Another Arthur Conan Doyle novel and another masterpiece of English literature, featuring a far more complicated plot than the previous A Study in Scarlet, continues the thrilling story of Mr. Holmes and Dr. Watson. The Sign of the Four contains all of the classic elements of the last: love, transcontinental adventure, greed, betrayal, murder, and, of course, mystery! Doyle really knew his stuff when it came to writing and to history; reading this book almost takes me back in time to the Indian Rebellion of 1857.
This tale takes us back to our old friends Sherlock Holmes and his ever-loyal companion Dr. John Watson. In the first scene we learn that Holmes suffers from severe boredom when not on a sleuthing case and finds a way to cope in that always-wonderful cocaine. Historical context aside, it’s clear from the beginning that this is intended as another of Holmes’ faults, as Watson worries about his companion’s heavy usage of the drug.
Soon, however, a highly unusual mystery presents itself in the form of a young lady named Mary Morstan. Miss Morstan’s father disappeared many years earlier and, soon after, she began receiving valuable pearls once a year for the last six years. This mystery is solved quickly but only leads to a much grander one, centering around India, cannibal savages, and treasure. Using many methods—including the employment of a bloodhound named Toby, footprint analysis, and toxicology—Holmes solves the case expertly.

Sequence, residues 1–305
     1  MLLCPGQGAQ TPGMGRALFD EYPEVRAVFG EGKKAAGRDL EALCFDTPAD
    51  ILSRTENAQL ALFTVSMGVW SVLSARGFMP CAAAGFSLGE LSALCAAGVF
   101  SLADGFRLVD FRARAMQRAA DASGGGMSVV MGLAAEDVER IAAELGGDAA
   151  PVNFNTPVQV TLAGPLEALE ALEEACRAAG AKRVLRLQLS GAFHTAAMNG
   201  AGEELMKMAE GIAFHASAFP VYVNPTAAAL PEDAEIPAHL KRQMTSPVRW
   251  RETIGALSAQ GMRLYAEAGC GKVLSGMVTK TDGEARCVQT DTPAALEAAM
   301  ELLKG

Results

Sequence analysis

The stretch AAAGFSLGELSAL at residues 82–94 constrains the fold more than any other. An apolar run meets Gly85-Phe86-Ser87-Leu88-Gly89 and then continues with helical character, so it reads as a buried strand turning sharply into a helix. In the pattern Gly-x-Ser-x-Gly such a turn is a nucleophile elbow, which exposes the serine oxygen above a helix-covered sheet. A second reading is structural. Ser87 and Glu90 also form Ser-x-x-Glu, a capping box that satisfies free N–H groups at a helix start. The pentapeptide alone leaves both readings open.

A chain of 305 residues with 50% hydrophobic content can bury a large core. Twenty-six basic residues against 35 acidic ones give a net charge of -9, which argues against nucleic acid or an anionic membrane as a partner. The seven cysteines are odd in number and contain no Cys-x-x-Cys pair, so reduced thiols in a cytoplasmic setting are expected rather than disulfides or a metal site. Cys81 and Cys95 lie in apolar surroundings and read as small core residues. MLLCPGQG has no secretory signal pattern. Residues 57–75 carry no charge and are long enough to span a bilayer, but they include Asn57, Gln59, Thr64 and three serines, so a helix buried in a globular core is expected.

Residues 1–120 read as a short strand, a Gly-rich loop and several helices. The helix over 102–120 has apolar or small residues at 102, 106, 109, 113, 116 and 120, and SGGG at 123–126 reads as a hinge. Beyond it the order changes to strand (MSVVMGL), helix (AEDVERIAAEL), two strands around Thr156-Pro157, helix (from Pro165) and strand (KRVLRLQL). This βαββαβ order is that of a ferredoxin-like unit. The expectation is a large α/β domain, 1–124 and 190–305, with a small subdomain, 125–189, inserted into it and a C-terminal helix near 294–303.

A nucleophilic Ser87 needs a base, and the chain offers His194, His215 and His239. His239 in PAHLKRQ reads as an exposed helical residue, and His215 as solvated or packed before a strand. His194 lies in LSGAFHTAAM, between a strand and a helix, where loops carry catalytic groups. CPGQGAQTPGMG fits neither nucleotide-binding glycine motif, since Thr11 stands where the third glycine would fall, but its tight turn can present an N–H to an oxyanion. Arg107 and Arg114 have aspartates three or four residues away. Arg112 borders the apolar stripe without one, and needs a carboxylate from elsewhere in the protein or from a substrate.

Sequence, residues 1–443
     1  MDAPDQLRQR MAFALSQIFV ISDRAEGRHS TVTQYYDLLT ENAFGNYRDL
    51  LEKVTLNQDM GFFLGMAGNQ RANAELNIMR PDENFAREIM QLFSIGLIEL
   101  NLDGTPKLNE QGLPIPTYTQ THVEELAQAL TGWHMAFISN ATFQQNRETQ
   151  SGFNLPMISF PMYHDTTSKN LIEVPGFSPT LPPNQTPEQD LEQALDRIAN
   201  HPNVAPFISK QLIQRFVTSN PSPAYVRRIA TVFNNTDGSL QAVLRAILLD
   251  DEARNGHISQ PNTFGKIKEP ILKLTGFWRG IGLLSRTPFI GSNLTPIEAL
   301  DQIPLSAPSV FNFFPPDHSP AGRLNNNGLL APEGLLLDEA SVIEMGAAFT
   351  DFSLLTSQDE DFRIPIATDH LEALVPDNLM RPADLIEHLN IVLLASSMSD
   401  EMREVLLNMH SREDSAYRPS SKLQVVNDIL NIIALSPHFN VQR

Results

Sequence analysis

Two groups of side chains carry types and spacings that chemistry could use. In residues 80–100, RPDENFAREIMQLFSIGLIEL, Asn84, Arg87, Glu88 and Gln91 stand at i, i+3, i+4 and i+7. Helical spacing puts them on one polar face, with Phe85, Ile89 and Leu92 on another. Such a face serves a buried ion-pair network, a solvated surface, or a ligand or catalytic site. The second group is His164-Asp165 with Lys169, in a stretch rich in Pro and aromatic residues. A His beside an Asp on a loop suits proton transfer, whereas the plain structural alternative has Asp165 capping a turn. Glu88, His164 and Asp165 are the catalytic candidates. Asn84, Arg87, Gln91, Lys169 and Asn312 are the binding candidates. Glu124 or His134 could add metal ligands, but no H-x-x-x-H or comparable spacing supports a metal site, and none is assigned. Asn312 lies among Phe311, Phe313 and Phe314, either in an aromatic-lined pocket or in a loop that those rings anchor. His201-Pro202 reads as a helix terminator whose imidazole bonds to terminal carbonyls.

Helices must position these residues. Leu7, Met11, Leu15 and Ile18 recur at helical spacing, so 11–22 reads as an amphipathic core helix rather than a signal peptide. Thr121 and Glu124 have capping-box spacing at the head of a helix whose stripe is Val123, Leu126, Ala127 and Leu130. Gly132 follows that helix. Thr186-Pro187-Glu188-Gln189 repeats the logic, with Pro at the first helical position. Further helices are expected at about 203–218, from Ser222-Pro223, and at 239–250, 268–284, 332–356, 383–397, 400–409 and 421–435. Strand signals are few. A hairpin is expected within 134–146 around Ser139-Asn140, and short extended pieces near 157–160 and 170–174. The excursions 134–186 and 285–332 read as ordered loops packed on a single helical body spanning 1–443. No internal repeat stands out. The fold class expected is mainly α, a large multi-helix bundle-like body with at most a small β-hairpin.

A subplot centers around Dr. Watson and Miss Morstan, who share a tentative attraction to one another. Dr. Watson, however, being an honest and respectable man, refuses to show his feelings until the matter of the treasure is put to rest, lest Miss Morstan fear of ulterior motives.
However, as it seems is always the case, another gets the credit for the closed case. Athelney Jones, a police officer, takes official charge of the case, only using Holmes’ work to further his own career. But Holmes cares not for credit: only for justice.
Spoiler alert! (I fear that it gives away the ending, but I also feel that it’s the funniest part of the book; it certainly made me laugh aloud.)
The story ends:
“The story seems unfair,” I remarked. “You have done all the work in this business. I get a wife out of it, Jones gets the credit, pray what remains for you?”
“For me,” said Sherlock Holmes, “there still remains the cocaine-bottle.” And he stretched his long white hand up for it.
— Review by Phillip, teen blogger